In This Chapter
Using pipelines to become more efficient
Piping commands together
Working with data and displaying results
If you take a moment to look around you, I'm sure that you can find a lot of inefficiencies. I see some of the biggest inefficiencies when I'm dealing with any kind of government agency. I'm not a political kind of person, but having worked with various government entities throughout my career, I can say that the bureaucracy that's designed to create clear lines of responsibility and authority also typically creates some very inefficient processes as a side effect.
Typically, getting anything done involves going to one department, filing some paperwork, getting something back, and then going to another department and filling out some more paperwork (usually, with the same information) — and this process can go on and on. Departments and even agencies rarely share information. Wouldn't it be nice if you could submit a request somewhere, and that request would automatically flow through all the relevant departments or agencies and give you your results at the end? This scenario is a pipe dream for most of us. Luckily, though, it's closer to reality in Windows PowerShell. You don't have to deal with the same kinds of problems because you can take advantage of pipelines.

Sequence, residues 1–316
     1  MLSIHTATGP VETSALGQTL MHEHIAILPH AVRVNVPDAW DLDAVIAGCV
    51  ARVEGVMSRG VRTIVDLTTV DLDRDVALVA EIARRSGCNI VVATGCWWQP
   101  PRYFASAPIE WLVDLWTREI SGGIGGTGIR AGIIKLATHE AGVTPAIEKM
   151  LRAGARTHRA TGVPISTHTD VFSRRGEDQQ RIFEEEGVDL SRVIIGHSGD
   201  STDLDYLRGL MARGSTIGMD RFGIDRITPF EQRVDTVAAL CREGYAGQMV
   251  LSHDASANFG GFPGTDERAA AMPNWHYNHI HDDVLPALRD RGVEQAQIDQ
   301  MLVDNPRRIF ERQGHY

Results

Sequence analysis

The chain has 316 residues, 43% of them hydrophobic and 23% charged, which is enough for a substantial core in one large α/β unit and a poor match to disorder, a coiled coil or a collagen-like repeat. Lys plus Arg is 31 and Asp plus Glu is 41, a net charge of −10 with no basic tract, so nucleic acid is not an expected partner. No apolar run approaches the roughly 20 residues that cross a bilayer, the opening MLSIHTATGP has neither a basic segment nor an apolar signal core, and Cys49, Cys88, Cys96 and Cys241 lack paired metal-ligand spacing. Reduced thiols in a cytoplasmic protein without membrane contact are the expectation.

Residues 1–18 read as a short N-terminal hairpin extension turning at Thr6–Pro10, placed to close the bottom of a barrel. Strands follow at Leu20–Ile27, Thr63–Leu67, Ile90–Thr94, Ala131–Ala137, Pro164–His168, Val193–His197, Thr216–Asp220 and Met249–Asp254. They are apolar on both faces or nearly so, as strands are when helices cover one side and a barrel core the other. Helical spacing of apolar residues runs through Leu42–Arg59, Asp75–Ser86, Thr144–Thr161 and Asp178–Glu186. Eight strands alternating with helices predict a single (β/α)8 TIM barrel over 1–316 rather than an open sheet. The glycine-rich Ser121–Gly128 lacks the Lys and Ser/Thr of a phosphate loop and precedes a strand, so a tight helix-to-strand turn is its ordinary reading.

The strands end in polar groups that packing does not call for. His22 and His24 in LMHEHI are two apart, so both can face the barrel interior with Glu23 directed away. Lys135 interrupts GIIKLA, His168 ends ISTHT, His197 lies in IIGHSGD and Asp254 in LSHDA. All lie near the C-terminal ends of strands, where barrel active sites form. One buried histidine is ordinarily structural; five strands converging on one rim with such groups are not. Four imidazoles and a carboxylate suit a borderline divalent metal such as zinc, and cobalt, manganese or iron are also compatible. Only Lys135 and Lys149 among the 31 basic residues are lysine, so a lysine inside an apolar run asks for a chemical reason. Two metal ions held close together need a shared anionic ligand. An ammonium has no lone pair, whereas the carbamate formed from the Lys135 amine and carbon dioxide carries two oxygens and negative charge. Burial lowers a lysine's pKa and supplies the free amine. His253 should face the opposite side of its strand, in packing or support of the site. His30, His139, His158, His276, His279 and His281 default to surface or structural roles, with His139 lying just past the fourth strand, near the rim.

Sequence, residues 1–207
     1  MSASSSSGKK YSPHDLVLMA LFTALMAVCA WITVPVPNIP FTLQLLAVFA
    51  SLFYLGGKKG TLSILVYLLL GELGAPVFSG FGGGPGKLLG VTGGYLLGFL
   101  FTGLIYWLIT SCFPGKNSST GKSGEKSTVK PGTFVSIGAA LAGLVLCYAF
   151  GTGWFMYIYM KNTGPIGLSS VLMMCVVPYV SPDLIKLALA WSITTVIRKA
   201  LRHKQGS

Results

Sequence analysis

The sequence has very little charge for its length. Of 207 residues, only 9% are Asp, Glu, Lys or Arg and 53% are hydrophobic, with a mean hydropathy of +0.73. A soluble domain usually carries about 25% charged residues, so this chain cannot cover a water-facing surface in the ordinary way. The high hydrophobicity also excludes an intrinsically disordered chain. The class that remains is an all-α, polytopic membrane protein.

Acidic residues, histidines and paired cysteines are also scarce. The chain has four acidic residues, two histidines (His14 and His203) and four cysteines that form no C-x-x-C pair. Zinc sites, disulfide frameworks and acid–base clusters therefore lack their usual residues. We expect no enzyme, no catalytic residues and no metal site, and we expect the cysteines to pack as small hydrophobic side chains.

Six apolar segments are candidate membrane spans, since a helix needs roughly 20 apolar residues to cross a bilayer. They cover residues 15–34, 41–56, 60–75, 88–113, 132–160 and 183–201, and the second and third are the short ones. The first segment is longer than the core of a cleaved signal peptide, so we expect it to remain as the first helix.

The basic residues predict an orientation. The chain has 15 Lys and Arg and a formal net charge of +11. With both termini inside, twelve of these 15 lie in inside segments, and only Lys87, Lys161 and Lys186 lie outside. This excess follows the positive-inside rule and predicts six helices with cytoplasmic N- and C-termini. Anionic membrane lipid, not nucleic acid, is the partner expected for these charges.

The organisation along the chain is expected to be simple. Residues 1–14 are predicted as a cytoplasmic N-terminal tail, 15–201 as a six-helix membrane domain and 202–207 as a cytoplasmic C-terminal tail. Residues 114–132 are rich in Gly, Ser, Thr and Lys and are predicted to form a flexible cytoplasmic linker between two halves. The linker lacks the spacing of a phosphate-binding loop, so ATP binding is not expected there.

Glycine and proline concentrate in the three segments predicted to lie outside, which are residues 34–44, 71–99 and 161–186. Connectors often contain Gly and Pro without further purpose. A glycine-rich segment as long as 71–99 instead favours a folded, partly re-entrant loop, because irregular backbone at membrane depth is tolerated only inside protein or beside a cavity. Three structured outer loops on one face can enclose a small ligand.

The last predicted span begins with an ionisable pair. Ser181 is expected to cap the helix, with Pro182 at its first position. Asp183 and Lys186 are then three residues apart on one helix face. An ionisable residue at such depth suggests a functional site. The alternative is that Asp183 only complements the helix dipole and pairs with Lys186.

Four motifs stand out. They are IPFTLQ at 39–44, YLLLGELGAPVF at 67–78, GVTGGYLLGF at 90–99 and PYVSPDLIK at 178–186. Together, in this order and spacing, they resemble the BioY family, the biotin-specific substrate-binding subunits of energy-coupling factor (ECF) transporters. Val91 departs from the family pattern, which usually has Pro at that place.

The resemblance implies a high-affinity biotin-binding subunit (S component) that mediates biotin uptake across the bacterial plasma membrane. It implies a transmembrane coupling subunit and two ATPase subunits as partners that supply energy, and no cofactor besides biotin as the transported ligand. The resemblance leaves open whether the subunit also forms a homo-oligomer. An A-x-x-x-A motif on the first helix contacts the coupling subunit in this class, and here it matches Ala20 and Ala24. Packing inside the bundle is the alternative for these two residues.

In this chapter, you see how information is passed from one PSH command to another using pipelines. Unlike pipelines of the past, PSH pipelines are much more sophisticated ...